How travel companies rethink touchpoints to add value to customer journey
Companies should offer travelers tools that meet these minimum requirements: dynamic information, advanced design, integration with social media and seamless switching between different devices.
In today’s digital funnel, travel companies are experts in enriching their knowledge about the customer, while engaging with them throughout the customer journey. Useful content is key to add value in this process, and trip planning solutions fit perfectly well in different touchpoints as the perfect excuse to engage more.
On a general level, the customer journey has four main touchpoints that companies are already familiar with: inspirational, pre-trip, in-destination, post trip. Attention needs to be paid to the different characteristics of each stage in terms of format, tone of voice, the degree of personalization. Relevance should improve as travel firms and destinations have more info about our customer.
The industry knows that customers have not only high expectations but also an assumption that travel firms will meet these expectations. Organizations must anticipate any desire the traveler might have and interact accordingly. “Big data” can help predict how customers might behave, but many travel firms lack the in-house expertise to fully understand the nuances of data collection and how to create actionable insights from that data. Increasingly, travel firms are working with specialist tech providers to optimize their use of data and to ensure that the traveler’s digital experience of the touchpoints remains front of mind.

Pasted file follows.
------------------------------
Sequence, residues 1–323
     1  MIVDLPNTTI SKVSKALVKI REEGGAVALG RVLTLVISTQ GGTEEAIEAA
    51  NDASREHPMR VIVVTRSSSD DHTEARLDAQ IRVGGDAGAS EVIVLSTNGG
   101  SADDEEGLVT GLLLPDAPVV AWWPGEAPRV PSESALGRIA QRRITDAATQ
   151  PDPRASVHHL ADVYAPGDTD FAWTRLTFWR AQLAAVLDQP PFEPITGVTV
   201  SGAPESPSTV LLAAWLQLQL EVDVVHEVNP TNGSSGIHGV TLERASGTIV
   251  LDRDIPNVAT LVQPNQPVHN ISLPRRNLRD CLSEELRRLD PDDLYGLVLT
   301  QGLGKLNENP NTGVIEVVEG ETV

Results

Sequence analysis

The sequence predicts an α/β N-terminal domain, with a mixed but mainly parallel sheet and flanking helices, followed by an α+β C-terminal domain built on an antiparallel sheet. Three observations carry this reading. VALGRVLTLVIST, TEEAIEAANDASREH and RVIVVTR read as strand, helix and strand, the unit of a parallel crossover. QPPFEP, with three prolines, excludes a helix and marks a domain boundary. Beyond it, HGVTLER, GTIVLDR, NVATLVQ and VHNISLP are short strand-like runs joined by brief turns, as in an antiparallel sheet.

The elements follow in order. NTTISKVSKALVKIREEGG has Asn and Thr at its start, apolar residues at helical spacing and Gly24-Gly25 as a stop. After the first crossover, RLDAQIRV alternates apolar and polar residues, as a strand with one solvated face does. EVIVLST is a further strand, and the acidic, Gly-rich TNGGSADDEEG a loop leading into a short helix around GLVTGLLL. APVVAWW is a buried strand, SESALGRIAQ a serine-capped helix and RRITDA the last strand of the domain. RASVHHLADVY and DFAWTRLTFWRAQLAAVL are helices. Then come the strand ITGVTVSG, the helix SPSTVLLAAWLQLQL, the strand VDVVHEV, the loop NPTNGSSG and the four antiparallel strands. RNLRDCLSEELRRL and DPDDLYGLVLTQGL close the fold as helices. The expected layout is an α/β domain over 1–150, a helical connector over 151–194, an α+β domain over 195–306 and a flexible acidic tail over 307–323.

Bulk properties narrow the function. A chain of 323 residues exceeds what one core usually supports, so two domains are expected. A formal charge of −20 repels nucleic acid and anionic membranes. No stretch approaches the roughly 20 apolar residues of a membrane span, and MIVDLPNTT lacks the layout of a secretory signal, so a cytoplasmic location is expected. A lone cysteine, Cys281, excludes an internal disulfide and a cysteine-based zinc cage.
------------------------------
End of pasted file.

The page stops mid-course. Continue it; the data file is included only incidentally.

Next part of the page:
One area where this type of collaboration is evident is the role of destination content at the various touchpoints. Travelers want to know about what experiences destinations can offer – even if they have visited before – and the content can be adapted to the different requirements of the touchpoints.
Starting at the inspirational stage, a tool that provides broad and complete information on different cities around the globe, with standard features, is a great first step. The second stage requires more personalization and targeted, specific messages. It is important therefore that companies make sure they find out about their customers’ preferences at the earliest possible stage so that all future interactions across the touchpoints are engaging and relevant.
For the following stage, companies should be aware that personalization is about more than just the content – that is a given. But personalization needs to factor in other elements such as identifying the traveler’s preferred channel for communication, and on what device. Original and relevant content needs to be delivered as a perfect user experience. By creating a tailor-made product which combines these two components, travel firms can differentiate their brands in a crowded marketplace. Customers are open to new touchpoints that add real value to their needs, perhaps Amazon is the perfect example.
Another element to consider is that the best practices vary from vertical to vertical, which means that travelers might expect different information at different stages depending on whether they are engaging with an OTA, an airline, a hotel or a destination. Incorporating different content in the messaging across the touchpoints reinforces the perception that the suppliers are engaging with the traveler on the traveler’s terms. Being able to propose different content to different profiles (for example, depending on the country of origin), is also key to be more relevant to the users.
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